Words alone

Be cautious when the size of effects is only described with words.

Describing the effect of a health action in words can be helpful, but the description should be considered together with a numerical description of the size of the effect. Words can be easier to understand than numbers, but they can mean different things to different people and can be used to trick people.


In a comparison, the effect of a health action is found by looking for differences in outcomes; it is a numerical concept. For example, 6 out of 10 people may be better after one week with a treatment and 5 out of 10 people may be better without that treatment. Then the effect of the treatment (the difference) is 1 more person out of 10 who will be better with the treatment. However, the numbers are not usually this easy; they may be hard to understand. Describing effects with words (qualitative descriptions) may be easier to understand. However, qualitative descriptions of effects may mean different things to different people. For example, saying that a treatment will ‘slightly reduce’, ‘reduce’, or ‘greatly reduce’ the chance of a harm; or that a side effect is ‘frequent’ or ‘rare’ mean different things to different people. In addition, descriptions of the effects of health actions may use manipulative language. For example, they may promise ‘amazing results’ or describe treatments as ‘natural’, implying that they are safe because of that.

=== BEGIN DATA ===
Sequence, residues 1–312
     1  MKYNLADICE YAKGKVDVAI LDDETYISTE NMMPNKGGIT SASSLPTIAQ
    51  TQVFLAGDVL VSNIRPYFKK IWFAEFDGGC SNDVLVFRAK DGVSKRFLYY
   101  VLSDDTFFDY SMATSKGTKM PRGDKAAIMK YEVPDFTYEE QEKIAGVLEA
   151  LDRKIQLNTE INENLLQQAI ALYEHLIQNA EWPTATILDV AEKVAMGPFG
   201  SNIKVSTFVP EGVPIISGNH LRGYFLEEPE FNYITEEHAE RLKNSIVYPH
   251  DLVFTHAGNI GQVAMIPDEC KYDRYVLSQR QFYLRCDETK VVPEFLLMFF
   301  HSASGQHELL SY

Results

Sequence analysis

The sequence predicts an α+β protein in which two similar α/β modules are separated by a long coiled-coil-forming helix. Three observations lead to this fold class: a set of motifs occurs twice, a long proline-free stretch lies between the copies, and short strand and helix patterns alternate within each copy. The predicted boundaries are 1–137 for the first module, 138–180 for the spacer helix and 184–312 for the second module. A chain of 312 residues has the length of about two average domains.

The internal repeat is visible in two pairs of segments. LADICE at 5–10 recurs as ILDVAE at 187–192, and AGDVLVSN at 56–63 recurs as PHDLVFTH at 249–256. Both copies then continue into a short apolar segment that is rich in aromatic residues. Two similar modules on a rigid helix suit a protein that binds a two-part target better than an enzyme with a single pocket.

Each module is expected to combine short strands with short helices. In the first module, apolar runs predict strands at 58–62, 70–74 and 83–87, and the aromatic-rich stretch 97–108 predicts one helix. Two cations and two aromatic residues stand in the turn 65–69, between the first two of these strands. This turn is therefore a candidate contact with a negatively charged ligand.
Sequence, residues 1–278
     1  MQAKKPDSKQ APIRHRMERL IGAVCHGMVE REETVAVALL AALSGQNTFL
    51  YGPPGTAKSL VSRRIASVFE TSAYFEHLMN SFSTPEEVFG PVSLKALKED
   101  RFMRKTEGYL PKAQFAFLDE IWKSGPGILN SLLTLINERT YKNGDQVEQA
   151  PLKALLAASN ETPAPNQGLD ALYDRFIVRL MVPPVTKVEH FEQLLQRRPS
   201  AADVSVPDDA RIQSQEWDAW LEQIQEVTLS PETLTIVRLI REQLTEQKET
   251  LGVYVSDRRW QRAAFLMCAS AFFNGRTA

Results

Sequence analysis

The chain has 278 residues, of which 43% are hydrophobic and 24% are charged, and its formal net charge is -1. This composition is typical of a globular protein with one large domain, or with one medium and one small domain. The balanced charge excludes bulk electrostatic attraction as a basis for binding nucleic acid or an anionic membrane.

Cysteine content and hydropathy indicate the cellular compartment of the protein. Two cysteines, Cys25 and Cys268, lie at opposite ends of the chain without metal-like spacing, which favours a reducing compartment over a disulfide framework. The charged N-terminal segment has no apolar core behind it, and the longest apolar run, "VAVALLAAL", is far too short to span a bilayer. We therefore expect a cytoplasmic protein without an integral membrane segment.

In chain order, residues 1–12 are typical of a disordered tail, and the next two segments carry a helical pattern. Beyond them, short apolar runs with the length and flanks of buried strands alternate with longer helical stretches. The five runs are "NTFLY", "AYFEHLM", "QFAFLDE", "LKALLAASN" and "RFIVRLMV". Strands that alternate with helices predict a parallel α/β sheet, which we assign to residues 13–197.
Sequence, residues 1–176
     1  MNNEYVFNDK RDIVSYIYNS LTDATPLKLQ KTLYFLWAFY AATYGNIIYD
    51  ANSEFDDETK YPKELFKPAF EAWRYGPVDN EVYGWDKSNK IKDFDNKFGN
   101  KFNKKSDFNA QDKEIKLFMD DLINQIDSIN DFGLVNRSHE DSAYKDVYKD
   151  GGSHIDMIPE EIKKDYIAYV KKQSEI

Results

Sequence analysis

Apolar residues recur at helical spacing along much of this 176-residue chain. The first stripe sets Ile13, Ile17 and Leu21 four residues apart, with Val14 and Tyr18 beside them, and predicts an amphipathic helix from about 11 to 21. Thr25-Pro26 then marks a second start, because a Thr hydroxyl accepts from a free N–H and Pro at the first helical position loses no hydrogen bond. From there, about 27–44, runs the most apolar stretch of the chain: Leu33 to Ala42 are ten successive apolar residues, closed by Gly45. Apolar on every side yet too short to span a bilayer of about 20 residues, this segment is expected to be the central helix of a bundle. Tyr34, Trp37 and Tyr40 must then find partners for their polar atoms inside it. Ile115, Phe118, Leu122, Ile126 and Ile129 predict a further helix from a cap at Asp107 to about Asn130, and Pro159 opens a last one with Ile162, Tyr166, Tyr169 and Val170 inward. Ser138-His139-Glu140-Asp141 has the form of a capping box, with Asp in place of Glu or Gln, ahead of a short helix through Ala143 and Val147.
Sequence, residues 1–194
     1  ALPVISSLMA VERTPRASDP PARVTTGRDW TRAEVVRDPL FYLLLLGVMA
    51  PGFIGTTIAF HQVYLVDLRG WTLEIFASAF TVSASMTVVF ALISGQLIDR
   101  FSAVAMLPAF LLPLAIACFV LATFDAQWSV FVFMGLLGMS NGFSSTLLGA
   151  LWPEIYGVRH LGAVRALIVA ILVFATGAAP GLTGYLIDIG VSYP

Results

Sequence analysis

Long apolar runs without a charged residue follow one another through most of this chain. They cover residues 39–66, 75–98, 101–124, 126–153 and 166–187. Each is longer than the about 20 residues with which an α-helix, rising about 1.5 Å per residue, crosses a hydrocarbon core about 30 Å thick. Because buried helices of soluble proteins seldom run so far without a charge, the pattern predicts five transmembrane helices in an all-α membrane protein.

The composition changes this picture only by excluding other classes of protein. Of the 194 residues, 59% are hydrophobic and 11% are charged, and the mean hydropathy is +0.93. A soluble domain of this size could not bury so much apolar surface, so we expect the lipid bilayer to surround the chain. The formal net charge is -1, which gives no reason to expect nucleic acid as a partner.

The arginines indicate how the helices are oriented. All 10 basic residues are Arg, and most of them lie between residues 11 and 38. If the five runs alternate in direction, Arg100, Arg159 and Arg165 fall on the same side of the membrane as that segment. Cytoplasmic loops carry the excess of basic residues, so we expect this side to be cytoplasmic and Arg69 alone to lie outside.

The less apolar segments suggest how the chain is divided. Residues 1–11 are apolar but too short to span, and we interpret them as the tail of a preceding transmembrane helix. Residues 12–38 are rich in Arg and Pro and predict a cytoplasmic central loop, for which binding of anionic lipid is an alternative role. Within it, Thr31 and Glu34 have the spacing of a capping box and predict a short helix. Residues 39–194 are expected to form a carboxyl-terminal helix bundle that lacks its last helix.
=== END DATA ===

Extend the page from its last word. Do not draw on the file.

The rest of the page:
People’s understanding of qualitative descriptions of effects can affect their decisions. Use of consistent language that has been user tested can improve the understanding, usability, and usefulness of information about the effects of health actions. Descriptions that use combinations of words, numbers and tables can help people to find and understand the effects of health actions.


A randomized trial compared words describing the effects of health actions (qualitative descriptions), such as “common” and “rare” to descriptions using numbers (quantitative descriptions). It found that those qualitative descriptions were associated with overestimation of the chance of harms. Patients shown qualitative descriptions had more negative impressions of the medicine than those shown quantitative descriptions, and they were more likely to say that the information would affect their decision to take the medicine.

Remember: When possible, consider the numbers that describe how big an effect of a health action is and not just the words. Descriptions using words can be misleading.

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